Most of the church books start in the late 16th century, but some go even further back into the 15th or even 14th centuries. While exciting, a general rule is that the earlier the entry was registered, the less information it will contain. For example, in one early baptismal record, it was only mentioned that a son called Friedrich was born to Wilhem Müller on 7 September 1643. The profession of the father and/or the name of the mother is often missing.
Resident Registration Cards
A really valuable source for any genealogical research is the resident registration card. Hamburg has no census lists. Instead, Germany in general has a resident registration law. Every single person in Germany has to be registered with the authorities within a week of moving from one address to another. In Hamburg, the available archival collection includes cards for people who moved, died, or married (in the case of women) for the period 1892-1925. Due to World War II, the cards for the period 1926-1942 were destroyed, so there is a gap for those years. From 1943-1945 the registration cards are preserved, as well as tax cards from July 1943. Registration cards more recent than 1945 are under a retention period but can be searched with special permission.
The following information about a family can be given in one document:
- Head of household: Name, date and place of birth, profession, date of moving to Hamburg, military service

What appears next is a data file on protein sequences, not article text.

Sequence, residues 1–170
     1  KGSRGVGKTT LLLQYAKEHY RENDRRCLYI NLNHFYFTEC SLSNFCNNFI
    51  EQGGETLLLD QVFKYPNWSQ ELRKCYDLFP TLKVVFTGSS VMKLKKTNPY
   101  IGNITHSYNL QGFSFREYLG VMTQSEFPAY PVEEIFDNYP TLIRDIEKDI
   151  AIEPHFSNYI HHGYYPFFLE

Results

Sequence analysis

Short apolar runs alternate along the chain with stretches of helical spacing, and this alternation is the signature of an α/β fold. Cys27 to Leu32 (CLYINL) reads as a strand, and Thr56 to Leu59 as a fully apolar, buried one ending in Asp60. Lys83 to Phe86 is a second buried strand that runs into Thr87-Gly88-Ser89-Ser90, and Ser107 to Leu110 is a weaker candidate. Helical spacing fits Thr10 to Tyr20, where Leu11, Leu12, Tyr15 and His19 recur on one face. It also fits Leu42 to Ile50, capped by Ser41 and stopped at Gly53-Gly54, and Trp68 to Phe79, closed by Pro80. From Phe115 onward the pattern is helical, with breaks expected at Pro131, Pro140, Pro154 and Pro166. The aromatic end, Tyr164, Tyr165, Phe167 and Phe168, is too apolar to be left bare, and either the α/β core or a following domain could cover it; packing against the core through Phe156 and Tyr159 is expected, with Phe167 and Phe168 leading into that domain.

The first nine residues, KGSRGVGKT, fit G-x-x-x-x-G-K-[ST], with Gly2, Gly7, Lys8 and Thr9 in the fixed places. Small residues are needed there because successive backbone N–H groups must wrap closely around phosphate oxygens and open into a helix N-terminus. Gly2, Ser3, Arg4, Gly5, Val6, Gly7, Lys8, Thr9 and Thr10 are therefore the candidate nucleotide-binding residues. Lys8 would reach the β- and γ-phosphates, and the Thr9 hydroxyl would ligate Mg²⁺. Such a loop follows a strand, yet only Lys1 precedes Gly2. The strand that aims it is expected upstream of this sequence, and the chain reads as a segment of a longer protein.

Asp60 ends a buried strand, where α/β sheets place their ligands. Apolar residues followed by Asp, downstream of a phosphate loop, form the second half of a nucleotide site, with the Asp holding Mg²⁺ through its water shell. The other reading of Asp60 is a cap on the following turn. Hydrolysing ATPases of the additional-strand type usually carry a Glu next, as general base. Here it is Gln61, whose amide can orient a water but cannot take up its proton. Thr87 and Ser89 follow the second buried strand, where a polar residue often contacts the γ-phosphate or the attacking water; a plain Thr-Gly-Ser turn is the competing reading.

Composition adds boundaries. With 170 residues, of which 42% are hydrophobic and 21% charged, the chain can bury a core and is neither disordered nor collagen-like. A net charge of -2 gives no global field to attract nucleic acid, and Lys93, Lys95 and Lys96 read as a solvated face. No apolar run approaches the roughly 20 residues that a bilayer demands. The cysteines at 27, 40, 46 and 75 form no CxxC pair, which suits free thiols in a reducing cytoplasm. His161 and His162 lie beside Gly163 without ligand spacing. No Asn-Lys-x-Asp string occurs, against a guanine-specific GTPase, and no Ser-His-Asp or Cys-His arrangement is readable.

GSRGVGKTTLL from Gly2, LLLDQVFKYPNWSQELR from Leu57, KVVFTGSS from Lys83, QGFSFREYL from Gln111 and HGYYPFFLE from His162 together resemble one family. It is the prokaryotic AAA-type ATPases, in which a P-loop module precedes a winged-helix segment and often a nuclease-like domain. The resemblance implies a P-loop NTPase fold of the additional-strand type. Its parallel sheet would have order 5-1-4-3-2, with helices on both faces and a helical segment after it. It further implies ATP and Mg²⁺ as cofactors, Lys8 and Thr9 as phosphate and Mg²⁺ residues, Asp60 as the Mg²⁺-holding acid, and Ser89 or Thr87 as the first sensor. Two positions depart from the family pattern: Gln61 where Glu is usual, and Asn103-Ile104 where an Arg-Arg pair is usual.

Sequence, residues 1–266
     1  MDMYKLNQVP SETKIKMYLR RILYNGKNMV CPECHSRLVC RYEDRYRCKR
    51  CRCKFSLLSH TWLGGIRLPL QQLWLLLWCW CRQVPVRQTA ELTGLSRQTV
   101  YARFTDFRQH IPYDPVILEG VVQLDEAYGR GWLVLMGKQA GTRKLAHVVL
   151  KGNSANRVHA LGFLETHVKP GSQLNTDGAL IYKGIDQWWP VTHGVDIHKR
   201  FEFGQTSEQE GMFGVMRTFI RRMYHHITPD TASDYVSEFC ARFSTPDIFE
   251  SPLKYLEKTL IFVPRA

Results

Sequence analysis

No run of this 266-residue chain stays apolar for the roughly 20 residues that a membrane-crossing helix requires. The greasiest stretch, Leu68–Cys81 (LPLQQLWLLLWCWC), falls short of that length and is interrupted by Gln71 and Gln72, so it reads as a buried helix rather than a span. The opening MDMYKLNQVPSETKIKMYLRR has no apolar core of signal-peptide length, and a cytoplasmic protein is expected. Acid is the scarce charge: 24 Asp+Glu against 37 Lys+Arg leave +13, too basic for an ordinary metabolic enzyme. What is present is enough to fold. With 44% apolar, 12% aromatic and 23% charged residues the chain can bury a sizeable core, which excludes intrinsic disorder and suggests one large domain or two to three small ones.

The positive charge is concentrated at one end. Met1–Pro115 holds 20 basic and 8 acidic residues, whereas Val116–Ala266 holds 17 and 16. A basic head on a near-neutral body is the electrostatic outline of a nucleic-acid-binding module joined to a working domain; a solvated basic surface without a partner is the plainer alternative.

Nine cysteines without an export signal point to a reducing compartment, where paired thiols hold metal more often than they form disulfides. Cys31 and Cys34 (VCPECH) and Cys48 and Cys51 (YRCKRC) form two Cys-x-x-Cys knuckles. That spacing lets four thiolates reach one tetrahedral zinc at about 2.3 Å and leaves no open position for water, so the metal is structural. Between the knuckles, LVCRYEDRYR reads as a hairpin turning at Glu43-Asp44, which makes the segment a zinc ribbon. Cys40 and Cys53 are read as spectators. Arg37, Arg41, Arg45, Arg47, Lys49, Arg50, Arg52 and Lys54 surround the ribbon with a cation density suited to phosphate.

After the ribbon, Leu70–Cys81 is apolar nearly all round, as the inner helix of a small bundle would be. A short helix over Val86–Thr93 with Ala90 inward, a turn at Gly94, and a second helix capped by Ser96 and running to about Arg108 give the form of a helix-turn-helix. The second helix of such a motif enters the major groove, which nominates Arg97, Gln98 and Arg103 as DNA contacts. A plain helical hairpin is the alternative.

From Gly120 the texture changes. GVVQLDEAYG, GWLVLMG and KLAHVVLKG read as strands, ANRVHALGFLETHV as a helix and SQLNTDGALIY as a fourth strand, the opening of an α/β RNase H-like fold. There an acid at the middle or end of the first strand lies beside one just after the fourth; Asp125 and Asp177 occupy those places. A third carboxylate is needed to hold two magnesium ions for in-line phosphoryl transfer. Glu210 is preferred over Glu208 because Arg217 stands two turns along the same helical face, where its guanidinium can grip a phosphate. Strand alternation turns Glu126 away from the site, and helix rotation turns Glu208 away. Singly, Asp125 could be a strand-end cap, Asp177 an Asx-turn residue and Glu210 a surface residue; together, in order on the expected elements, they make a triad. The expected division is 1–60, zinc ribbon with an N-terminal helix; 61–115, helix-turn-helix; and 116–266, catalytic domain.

- Wife: Name, date and place of birth, date of marriage [a woman will also have her own card with more data]
- Children: Name, date and place of birth, if they are registered on their own card
- For all: Addresses, date of moving from Hamburg, date of death
These three inventories (civil registration, church books, and resident registration cards) are understandably the most frequented ones, since they deliver the most useful facts and life data for a person. Still, that information builds only an outline – a skeleton of bare-bones names, dates, and places. To get a better impression regarding the unique details of a person’s life, there are some interesting documents that are worth a closer look.
As one example, the State Archive of Hamburg contains records of the police department’s criminal investigation office from 1769 to 1879. Using these documents is like reading a crime novel. Not only do you learn how the police system worked during earlier historical eras, but also what kind of activities and human conflicts constituted crime in former times. The numerous files paint detailed pictures of different personal fates.
I was fascinated by the story of a young man who borrowed money from a distant uncle to enjoy his life in Berlin and Paris in the beginning of the 19th century. After squandering everything he had on drinks and women, he wanted to kill himself. However, his attempt was unsuccessful. He shot himself in the ear without being seriously injured and his neighbor called the police upon hearing the shot. Suicide was a crime, so the young man was arrested – and the account of this unfortunate part of his life preserved for future generations to read and study.
There are abundant fascinating documents in the State Archive of Hamburg that can give you a vivid impression of your ancestors’ lives using records which are almost entirely unavailable in the United States. Legacy Tree Genealogists has onsite agents in Hamburg and worldwide. If you’re interested in extending your German heritage but need help accessing certain records, contact us today to discuss your goals. The initial consultation is totally free.